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Ontario Tech acknowledges the lands and people of the Mississaugas of Scugog Island First Nation.

We are thankful to be welcome on these lands in friendship. The lands we are situated on are covered by the Williams Treaties and are the traditional territory of the Mississaugas, a branch of the greater Anishinaabeg Nation, including Algonquin, Ojibway, Odawa and Pottawatomi. These lands remain home to many Indigenous nations and peoples.

We acknowledge this land out of respect for the Indigenous nations who have cared for Turtle Island, also called North America, from before the arrival of settler peoples until this day. Most importantly, we acknowledge that the history of these lands has been tainted by poor treatment and a lack of friendship with the First Nations who call them home.

This history is something we are all affected by because we are all treaty people in Canada. We all have a shared history to reflect on, and each of us is affected by this history in different ways. Our past defines our present, but if we move forward as friends and allies, then it does not have to define our future.

Learn more about Indigenous Education and Cultural Services

Reasons why everyone should watch Law and Order SVU

March 22, 2022

There are many reasons that Law and Order SVU has been on the air for 22 years. Here are a few that I think are particularly important:

The topic of consent is covered extensively 


What is consent? 

Our university has established a #WeGetConsent campaign to define what consent means.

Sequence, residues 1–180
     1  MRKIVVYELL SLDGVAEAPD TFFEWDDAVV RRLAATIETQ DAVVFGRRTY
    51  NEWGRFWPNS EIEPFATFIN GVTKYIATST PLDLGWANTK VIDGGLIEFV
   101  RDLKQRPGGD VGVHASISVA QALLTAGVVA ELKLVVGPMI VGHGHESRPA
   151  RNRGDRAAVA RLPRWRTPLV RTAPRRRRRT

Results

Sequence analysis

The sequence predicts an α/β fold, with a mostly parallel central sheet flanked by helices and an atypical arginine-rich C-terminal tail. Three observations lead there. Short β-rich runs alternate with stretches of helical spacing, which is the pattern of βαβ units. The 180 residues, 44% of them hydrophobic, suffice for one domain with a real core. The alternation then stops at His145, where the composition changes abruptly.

“Consent is an active, direct, voluntary, unimpaired, and conscious choice and agreement to engage or continue in sexual activity. Consent to one act does not mean consent to another.”

- Ontario Tech University 

To be honest, before starting university I knew what consent was but never saw an initiative dedicated to it. I’m really glad that our school has taken on that responsibility of educating students and developing such an impactful campaign. 

Consent in Law and Order SVU

It is absolutely appalling to watch episodes of SVU and see perpetrators justify acts of sexual assault. However, the show amplifies the importance of consent. The scenarios are presented in a way that as viewers we are constantly reaffirming our knowledge of what consent is and why it’s important by watching the survivors tell their stories and stand up to their assailants. 

Victim blaming is not condoned 


In 2018, StatsCan stated that “One in five victims of sexual assault—both women and men—felt blamed for their own victimization. Most commonly, the perpetrator or the victim’s friends or family were the source of this feeling.” [1] . The characters who play survivors on Law and Order SVU are empowered to speak up and tell their stories. They are reminded that they are believed, that it wasn’t their fault, and that they did everything they could to survive. I’d like to think that life imitates art and that watching the show helps people unlearn any ideas they were taught about victim-blaming. 

Tackles real life issues 


In 2018, Mariska Hargitay who plays Olivia Benson on Law & Order SVU co-produced a documentary called “I Am Evidence” to shine a light on the rape kit backlog in Los Angeles, Detroit, and Cleveland [2]. I think it is truly admirable to not only be a part of a show that starts much-needed conversations about sexual assault but also put forth efforts to enact legislative change.